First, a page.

Express warranties may be created through the following different means regarding the goods or services in question: statements of fact, description, and sample or model alternatives. As for implied warranties, Section 2-314 of the UCC describes warranty of merchantability (suitable to be sold), whereas Section 2-315 details warranty of fitness (suitable for a particular purpose) (Ritterskamp 20).

While all warranties have commercial consequences, the two most influenced by the Purchasing Manager/Agent are express warranties by statement of fact and description. Any affirmation of fact by a supplier about the products they sell constitutes an express warranty. Specifically, Section 2-313, paragraph i(a) states: "Any affirmation of fact or promise made by the seller to the buyer which relates to the goods and becomes part of the basis of a bargain creates an express warranty that the goods shall conform to the affirmation of promise."

The previous section allows the supplier to make statements regarding a product's attributes as long as one offers an opinion or appraisal which does not serve to create a warranty. Only statements of fact create express warranties and so the Purchasing Manager/Agent must ensure facts are discussed during negotiations.

In addition, Section 2-313 goes on to say in paragraph i(b), "Express warranties by the seller are created as follows ... Any description of the goods which is made part of the basis of the bargain creates an express warranty that the goods shall conform to the description (Ritterskamp 28)"

This subsection makes any description of the goods by the seller an express warranty. A description made on the supplier's proposal (an offer to sell) becomes an express warranty when the proposal is accepted. The portion of the paragraph indicating, "Any description..." and "... which is made part of the basis of the bargain..." makes clear that express warranties do not have to be authored by the supplier. Any person's description of the product can become an express warranty provided it is agreed to by the supplier and is included in the final contract. Therefore, while only the supplier can extend express warranties due to their direct control over the quality of the goods involved, it does not follow that only the supplier can propose express warranties. The Purchasing Manager/Agent can influence the warranty clause of the contract by proposing the warranty statement and influencing the supplier to accept the statement.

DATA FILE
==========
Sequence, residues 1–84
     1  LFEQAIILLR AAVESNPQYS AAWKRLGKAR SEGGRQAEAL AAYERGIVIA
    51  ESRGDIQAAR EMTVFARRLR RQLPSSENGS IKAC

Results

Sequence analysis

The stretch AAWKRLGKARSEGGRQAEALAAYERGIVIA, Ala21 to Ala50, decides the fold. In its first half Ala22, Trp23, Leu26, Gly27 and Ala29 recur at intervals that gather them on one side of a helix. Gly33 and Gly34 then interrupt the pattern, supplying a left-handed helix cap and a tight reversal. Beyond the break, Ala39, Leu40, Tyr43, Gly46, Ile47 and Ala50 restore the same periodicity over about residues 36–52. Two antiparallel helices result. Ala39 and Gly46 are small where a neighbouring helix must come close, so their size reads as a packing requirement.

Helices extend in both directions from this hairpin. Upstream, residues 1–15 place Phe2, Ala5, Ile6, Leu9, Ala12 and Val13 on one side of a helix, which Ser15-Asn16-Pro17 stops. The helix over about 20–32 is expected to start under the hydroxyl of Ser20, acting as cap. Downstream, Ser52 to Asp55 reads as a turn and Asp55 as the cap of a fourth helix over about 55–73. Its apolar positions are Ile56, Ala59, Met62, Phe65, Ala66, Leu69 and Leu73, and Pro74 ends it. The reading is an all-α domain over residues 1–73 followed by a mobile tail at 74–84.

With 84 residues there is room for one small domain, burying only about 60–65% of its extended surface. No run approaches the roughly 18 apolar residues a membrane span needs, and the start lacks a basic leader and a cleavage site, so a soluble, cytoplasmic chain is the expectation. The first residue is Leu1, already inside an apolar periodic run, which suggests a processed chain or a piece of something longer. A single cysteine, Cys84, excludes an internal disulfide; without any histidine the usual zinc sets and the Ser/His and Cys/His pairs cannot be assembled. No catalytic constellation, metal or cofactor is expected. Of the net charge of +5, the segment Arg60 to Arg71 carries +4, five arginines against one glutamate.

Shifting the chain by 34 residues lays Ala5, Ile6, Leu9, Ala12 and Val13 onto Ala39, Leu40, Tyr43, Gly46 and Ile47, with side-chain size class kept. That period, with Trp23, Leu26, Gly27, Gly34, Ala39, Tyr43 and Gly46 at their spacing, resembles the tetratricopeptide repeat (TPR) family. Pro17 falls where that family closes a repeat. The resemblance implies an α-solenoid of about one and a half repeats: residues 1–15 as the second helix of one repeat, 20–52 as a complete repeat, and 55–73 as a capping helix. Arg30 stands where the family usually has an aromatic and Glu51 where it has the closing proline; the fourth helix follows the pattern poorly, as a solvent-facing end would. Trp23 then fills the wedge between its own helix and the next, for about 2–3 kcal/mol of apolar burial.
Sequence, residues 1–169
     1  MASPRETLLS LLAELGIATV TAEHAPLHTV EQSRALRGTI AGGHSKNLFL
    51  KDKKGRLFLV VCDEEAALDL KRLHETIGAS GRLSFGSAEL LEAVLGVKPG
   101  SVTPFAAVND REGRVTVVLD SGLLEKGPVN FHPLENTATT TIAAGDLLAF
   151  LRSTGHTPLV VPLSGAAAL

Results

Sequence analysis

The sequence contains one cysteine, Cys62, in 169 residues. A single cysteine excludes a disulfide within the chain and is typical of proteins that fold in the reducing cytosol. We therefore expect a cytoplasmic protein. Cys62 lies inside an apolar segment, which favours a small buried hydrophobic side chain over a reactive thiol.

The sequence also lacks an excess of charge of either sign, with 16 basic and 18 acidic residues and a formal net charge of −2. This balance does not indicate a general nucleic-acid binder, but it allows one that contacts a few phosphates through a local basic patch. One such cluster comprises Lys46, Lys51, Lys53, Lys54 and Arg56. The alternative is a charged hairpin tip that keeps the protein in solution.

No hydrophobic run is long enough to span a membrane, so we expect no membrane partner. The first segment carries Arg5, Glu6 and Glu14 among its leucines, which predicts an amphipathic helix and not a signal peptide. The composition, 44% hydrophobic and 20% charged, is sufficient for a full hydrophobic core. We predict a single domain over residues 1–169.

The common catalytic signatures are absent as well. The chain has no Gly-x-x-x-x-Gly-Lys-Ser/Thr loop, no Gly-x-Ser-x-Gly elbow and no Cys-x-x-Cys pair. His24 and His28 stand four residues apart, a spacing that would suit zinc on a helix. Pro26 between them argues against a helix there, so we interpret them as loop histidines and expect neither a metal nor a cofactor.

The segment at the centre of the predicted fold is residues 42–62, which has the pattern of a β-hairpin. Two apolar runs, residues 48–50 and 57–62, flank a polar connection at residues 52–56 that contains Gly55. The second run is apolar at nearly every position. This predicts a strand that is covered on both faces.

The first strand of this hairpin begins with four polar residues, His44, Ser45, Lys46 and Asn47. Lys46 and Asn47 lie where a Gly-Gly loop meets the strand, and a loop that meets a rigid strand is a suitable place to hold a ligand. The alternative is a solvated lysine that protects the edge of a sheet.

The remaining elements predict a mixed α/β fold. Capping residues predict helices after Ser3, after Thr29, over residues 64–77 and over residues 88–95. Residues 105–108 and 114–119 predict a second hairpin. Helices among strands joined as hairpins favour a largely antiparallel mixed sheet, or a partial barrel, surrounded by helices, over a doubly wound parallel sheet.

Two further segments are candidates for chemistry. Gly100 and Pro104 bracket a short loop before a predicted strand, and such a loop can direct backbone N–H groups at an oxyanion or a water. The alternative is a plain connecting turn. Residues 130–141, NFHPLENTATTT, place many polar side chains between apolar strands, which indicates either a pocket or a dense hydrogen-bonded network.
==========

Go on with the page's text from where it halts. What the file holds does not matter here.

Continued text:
Thus, the Purchasing manager/Agent should modify the supplier's "Standard Warranty Statement" as defined in the Terms and Conditions section of most contracts to include: a definitive statement regarding the length of the warranty expiration period, a statement requiring components to be date-stamped, an affirmation of the supplier's responsibility regarding repair or replacement of defective components as well as an allotment for change-out labor, and finally, a clear definition of the Warranty Penalty Account and the supplier's responsibility thereto. In essence, by compiling product performance data and analyzing said data for either failure rate patterns or inconsistencies, financial incentives may be established with Suppliers to fulfill not only warranty expectations but, improve product quality as well.

REFERENCES

  1. Dovich, Robert A., Reliability Statistics. Milwaukee: ASQC Quality Press, 1990.
  2. Juran, J. M. and Frank M. Gryna, Juran's Quality Control Handbook. Fourth Edition. New York: McGraw-Hill Book Company, 1988.
  3. Nelson, Wayne, How To Analyze Reliability Data. Milwaukee: American Society for Quality Control, 1983.
  4. Ritterskamp, James J., C.P.M. "Purchasing And The Law." Purchasing Management, August 1988, 14-15.
  5. Ritterskamp, James J., C.P.M. "Purchasing And The Law." Purchasing Management, September 1988, 28-29.
  6. Ritterskamp, James J., C.P.M. "Purchasing And The Law." Purchasing Management, September 1989, 20-21.

** This article is missing charts. Call the NAPM Information Center for a hard copy of the article with charts.